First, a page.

North EastVisa

Covid-19 prevention leads to 14 arrests of longterm overstays

PHOTO: Immigration arrested 14 people on severe overstays. (via Wikimedia)

While attempting to curb the spread of Covid-19 through migrant workers and illegal immigrants, Immigration Police have arrested 14 foreigners with “egregious overstays”. Today’s announcement of the bust of 14 foreign nationals took place mostly in northeastern provinces.

The Immigration Chief explained that officials at immigration have been proactive in seeking out people who entered Thailand illegally to prevent an influx and spread of foreign-based Covid infections. As part of their routine inspections, immigration officers are asking for passports and paperwork showing information of arrival into Thailand from all foreigners they meet.

They are looking for people who crossed the border illegally and therefore were not tested for Covid-19 and did not participate in the mandatory quarantine procedures that safeguard Thailand against a massive importation of Covid infections, and possibly various strains. The discovery of these long-term overstays was merely a side-effect of their goal of stopping illegal border crossings.

In Nakhon Ratchasima, Roi Et, Surin, and Yosothon, all Northeastern provinces, a total of 8 foreigners travelling on Indian passports were taken into custody. In Khon Kaen, 2 citizens of the African nation of Cameroon were uncovered on long overstays.

The 4 others arrested for overstaying their visas and staying in Thailand well over the allowed lengths were citizens of Vietnam, Cambodia and Myanmar. The list of names released in the announcement today listed included 6 people with the last name Yadev, suggesting a family living illegally for several years in Thailand.

One of the Cameroon citizens had the longest overstay with 2,779 days, approximately 7 and a half years. 2 more of the arrests were for overstays of more than 4 years. In total, 5 people had gone over the legal limit by more than 1,000 days or about 3 years.

Most of the other overstays were around 700 days, or two years, since before the Covid-19 pandemic border closures began. The least overstayed was the Vietnamese national, who was over by more than 200 days.

For more information on how to avoid a visa overstay in Thailand, CLICK HERE.

SOURCE: The Pattaya News

Neill Fronde

Neill is a journalist from the United States with 10+ years broadcasting experience and national news and magazine publications. He graduated with a degree in journalism and communications from the University of California and has been living in Thailand since 2014.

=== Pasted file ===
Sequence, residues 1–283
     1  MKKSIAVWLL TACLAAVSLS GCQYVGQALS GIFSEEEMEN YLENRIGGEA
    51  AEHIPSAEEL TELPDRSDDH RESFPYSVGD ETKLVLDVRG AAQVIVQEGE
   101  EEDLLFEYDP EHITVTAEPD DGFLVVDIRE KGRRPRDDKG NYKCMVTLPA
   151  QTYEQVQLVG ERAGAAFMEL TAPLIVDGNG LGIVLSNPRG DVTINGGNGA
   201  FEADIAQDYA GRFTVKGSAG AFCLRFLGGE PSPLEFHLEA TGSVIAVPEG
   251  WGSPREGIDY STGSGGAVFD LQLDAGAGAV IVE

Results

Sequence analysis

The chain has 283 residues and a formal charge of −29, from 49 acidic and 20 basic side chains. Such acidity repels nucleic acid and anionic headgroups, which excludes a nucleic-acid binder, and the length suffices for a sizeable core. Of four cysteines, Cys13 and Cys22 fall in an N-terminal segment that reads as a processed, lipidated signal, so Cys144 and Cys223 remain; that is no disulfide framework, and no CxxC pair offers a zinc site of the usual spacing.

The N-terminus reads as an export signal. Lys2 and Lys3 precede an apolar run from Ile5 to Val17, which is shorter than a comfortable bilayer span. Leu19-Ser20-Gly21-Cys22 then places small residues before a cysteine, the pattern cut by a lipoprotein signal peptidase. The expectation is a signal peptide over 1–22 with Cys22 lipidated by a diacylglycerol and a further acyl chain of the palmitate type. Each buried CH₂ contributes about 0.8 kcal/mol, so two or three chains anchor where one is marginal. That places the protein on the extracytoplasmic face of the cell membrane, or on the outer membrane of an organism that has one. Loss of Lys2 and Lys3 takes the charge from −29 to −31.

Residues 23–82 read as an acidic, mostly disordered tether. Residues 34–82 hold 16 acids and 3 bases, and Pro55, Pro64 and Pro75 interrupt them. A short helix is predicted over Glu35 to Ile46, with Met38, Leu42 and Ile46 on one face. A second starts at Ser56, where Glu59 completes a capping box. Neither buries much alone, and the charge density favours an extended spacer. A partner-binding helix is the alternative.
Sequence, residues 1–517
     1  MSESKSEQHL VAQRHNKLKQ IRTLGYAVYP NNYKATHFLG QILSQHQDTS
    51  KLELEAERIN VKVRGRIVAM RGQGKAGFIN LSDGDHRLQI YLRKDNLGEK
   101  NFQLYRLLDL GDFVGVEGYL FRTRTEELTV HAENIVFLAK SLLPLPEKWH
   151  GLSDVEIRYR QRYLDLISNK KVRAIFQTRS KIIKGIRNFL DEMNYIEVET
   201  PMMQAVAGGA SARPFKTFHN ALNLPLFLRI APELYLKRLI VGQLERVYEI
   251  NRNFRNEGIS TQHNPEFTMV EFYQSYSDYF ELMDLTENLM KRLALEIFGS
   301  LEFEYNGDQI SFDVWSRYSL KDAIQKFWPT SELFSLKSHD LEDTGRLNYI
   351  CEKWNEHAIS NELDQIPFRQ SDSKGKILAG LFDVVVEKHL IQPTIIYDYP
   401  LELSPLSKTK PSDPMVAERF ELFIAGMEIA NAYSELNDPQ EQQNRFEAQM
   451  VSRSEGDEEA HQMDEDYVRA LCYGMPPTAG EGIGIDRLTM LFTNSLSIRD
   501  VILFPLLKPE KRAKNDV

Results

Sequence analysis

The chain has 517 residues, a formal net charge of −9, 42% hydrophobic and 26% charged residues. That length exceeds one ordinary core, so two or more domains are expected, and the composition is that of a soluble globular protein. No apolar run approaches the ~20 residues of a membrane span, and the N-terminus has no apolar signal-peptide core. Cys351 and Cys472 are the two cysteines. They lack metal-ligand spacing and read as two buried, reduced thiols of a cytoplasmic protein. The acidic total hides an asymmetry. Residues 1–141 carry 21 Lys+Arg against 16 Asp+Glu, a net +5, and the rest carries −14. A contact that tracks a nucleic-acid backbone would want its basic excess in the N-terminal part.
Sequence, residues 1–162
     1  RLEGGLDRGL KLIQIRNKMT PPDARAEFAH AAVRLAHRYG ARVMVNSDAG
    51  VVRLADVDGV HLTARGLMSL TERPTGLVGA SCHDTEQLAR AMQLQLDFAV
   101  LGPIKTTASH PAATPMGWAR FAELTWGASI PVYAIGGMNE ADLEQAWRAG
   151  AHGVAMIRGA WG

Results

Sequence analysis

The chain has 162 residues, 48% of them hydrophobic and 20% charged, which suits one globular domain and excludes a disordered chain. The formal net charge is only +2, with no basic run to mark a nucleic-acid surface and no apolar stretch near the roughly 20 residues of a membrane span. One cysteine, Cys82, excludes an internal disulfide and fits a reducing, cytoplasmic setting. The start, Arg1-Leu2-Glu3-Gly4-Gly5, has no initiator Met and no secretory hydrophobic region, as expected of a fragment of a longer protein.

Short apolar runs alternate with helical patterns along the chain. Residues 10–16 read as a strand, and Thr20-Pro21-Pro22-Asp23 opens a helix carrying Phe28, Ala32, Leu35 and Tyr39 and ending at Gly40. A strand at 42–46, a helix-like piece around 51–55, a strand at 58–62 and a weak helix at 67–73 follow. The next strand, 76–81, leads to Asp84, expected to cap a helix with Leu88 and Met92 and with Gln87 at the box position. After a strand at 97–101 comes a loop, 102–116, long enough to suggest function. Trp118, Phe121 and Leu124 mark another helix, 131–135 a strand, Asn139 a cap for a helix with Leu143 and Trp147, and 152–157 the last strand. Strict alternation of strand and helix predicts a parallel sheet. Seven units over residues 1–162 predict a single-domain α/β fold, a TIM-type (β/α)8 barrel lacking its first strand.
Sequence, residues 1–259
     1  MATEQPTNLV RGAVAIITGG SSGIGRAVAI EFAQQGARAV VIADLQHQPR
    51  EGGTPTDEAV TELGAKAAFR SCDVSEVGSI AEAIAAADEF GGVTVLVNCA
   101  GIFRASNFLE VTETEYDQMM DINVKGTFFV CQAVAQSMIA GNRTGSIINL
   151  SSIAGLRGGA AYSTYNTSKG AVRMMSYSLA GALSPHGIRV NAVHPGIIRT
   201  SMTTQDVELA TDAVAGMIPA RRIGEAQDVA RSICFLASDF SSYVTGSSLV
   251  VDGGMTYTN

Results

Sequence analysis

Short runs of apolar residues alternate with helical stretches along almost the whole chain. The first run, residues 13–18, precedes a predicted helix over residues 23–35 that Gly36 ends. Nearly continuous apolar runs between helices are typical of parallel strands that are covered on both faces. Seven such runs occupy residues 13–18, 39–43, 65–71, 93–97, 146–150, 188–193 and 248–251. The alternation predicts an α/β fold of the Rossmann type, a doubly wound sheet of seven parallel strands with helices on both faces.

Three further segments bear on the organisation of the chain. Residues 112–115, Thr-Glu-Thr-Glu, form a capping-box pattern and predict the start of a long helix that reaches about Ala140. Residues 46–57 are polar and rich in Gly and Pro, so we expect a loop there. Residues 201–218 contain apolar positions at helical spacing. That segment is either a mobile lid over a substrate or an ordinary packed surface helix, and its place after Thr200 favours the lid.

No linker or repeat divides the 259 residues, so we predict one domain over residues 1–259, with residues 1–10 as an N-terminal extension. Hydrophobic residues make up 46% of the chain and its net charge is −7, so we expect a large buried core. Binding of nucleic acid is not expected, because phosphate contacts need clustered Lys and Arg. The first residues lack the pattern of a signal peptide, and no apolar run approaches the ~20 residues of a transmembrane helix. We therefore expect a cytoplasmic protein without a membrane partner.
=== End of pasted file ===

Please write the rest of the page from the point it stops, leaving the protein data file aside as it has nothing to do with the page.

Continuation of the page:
13 Comments

  1. What this clearly shows is that all those punitive immiogration rules do not work and should be scrapped for the ‘good guys’. Annual renewals and 90 day reports are just a waste of time – those in Thailand illegally just ignore doing it. 7 years living illegally in any country proves that the 90 day reporting especially is just a waste of time. Can someone please tell the Thai Govt what reality is please.

  2. Here in Phnom Penh I know of five who not only do not have visas, but also do not have passports.
    They are here for life, unless they can leave by sea at great expense.
    I suspect all over the world there are illegal immigrants unnoticed, living for years undetected until they have an overdue library book.

  3. One ex cowboy pub owner overstayed more than 20 years on a tourist visa on arrival.he simply payed the overstay fine maximum wich at the time was 10,000 baht at don mueang and departed never to be seen again.
    It was quite a few years ago and I’m pretty certain is true.

  4. @Mr cynic – Those were the days, my friend. But alas, those days are gone. I remember an old geezer from Washington Square who croaked at the Police Hospital and they found out his visa and passport were expired over 10 years! They tried to chisel the overstay fines out of the widow but she lawyered up and they backed down. Me, I had an ugly stamp in my old passport because I left the night the visa expired and my flight departed at 12:10 a.m. the following day. Yes, I overstayed 10 minutes. No fine though, just the ugly stamp!

  5. @AussieBob – Agreed. Looks like the real number of ultra long overstayers is bigger than I had imagined. Though they are still probably few and far between, more numerous than I had thought.

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